By 1944 Camus had already discovered the works of Brice Parain, and so it is not surprising that in expanding his own earlier notion of ‘clarity’, Camus would do so in terms of the operation of language itself. He argued in Combat that the press ought to ‘raise the country’s stature by ennobling its language’, and to do so by ensuring that its newspapers were ‘written in a decent style’. In late 1945, after failing to bring about the desired dialogue with Christian and Communist newspapers, during the reconstruction of France, Camus chose not to place the fault completely on the intransigence of his interlocutors, but rather on the vagaries of the shared political language at their joint disposal. ‘We did not conclude from these experiences that others were making dialogue impossible,’ he wrote. ‘We concluded, rather, that we had yet to find the words needed to bring us together, words that would have united us without requiring us to renounce our differences.’ He continued:
Despite our provisional failure, we remain convinced that this country and this world cannot be saved until they find the right words, the right vocabulary. We are still shading our meaning, or at any rate hurling back and forth words that each of us interprets differently. People sometimes tell us that the world needs to be made over. That may be true, but we cannot make the world new until we have given it a new lexicon.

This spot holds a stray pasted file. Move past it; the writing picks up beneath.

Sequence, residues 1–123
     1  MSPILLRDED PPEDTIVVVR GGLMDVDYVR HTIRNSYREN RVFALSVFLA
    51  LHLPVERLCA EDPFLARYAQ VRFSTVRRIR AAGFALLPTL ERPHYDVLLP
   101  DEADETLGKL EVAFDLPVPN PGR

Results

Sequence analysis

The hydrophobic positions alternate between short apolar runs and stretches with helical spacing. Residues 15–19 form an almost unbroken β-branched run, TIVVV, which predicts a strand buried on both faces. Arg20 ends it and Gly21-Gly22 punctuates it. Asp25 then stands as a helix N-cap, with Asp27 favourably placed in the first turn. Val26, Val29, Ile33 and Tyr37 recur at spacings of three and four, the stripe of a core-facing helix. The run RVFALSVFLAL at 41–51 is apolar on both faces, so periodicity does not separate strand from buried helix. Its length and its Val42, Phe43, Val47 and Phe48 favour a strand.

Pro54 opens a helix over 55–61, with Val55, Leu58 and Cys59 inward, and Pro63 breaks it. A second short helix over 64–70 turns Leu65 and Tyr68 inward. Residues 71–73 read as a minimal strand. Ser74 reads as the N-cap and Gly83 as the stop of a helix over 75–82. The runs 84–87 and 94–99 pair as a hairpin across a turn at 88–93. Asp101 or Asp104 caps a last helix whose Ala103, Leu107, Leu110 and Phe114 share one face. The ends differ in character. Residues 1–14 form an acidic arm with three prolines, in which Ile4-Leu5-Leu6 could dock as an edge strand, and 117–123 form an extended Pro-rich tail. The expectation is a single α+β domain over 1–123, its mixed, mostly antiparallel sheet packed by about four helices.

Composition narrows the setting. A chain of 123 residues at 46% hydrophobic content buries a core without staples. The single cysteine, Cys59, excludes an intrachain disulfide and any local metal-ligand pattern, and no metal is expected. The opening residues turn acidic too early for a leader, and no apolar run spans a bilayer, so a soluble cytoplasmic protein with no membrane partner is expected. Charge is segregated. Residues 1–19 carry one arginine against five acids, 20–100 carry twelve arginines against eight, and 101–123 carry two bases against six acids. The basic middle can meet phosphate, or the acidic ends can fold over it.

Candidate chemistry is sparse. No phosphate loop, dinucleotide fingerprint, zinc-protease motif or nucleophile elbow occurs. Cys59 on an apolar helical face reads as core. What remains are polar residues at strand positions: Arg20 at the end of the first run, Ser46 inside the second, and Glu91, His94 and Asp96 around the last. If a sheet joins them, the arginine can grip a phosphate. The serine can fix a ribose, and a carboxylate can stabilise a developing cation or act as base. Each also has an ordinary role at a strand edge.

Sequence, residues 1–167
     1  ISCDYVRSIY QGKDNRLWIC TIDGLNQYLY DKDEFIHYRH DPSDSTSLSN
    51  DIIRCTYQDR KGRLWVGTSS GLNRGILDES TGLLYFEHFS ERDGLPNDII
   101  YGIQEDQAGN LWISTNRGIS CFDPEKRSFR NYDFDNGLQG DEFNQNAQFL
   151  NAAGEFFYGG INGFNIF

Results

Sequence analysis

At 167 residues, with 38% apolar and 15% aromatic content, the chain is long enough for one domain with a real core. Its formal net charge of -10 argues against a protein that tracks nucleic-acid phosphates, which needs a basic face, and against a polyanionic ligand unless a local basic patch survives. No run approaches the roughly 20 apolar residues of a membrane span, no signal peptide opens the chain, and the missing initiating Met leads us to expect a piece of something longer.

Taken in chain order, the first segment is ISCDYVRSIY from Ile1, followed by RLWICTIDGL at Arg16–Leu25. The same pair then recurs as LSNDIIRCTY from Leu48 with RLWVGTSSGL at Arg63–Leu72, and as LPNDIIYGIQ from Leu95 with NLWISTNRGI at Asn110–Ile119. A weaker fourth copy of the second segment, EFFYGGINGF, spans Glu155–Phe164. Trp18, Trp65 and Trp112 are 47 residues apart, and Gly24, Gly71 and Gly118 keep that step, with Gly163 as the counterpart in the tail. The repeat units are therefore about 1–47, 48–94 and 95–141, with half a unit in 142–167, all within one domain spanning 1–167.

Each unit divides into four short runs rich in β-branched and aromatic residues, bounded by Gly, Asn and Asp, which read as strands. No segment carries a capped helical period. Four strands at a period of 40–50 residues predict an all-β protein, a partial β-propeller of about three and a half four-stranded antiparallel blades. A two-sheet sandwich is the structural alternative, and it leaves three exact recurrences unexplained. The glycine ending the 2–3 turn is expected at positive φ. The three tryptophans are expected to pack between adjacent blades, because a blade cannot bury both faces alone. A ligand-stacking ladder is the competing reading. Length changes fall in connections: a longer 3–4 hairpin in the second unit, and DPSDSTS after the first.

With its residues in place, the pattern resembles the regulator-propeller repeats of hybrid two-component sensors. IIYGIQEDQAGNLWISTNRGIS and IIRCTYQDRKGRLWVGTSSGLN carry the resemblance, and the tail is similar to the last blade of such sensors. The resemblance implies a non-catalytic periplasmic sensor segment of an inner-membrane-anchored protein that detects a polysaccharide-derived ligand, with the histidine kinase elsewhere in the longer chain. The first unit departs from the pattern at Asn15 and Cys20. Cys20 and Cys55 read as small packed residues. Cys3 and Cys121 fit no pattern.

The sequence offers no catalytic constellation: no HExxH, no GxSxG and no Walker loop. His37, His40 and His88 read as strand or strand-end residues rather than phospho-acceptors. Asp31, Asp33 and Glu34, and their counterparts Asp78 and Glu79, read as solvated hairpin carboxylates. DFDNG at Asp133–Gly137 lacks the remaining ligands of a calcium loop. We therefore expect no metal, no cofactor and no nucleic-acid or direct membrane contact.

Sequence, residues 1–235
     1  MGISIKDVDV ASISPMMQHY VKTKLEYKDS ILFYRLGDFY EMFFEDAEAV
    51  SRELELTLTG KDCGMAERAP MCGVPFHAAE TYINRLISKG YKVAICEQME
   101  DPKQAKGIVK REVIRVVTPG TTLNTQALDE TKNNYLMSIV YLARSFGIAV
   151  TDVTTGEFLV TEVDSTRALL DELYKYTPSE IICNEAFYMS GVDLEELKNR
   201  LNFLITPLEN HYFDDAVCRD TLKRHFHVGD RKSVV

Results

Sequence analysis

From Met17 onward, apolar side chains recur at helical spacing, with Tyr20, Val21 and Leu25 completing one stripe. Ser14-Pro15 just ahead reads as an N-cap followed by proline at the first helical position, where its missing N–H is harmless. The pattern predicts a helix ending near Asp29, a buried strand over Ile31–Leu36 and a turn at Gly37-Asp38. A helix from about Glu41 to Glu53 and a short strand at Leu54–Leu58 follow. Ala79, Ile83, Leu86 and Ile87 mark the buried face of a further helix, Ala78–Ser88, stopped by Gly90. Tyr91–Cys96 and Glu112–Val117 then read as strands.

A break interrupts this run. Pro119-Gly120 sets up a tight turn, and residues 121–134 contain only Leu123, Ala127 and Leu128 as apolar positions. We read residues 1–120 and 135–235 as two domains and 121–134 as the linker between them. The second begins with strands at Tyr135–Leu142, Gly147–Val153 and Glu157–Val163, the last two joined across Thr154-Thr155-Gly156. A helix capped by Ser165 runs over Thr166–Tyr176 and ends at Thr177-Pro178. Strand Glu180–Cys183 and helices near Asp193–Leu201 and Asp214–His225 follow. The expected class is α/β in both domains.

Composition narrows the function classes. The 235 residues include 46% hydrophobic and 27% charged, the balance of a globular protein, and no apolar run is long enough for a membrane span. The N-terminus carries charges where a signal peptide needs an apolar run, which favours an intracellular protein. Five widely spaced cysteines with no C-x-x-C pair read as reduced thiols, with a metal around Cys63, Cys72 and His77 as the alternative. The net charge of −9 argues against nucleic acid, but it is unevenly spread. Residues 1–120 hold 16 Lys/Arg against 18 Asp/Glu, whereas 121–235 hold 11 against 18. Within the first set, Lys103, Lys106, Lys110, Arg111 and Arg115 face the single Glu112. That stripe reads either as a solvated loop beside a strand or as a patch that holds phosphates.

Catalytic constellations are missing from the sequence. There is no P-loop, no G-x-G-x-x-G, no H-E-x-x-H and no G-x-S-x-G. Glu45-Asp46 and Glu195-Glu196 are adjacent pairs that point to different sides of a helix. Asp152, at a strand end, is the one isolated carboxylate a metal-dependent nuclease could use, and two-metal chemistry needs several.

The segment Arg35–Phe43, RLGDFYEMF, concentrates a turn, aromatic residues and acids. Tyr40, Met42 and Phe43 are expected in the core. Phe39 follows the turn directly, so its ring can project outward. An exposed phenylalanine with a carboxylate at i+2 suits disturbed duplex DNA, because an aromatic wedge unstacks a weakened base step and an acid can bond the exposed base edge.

Previously, Camus had defined ‘clarity’ to mean, in part, to be free from hatred. At Combat, and after surveying his press contemporaries, Camus saw that not only was such clarity lacking, but that it extended also to include hatred of their own readers. Articles that ‘flatter’ the public, he argued, simply by reflecting back their self-interest, their tastes, and partisan sentimentalities – in other words, their hopes and fears – was a form of journalism that holds ‘their readers in contempt’. Against the reflex posture from the press that “We give the public what it wants”, Camus replied: ‘It’s what the public has been taught to want for twenty years, which isn’t the same thing.’ He continued: ‘But if, day in and day out, twenty newspapers fill the air with mediocrity and fabrications, the public will breathe that air and become dependent on it.’ This creates an atmosphere that is not conducive to clarity. ‘The first condition for becoming a good independent journalist,’ Camus stated later, in October 1944, ‘is to learn not to be automatically contemptuous of one’s reader.’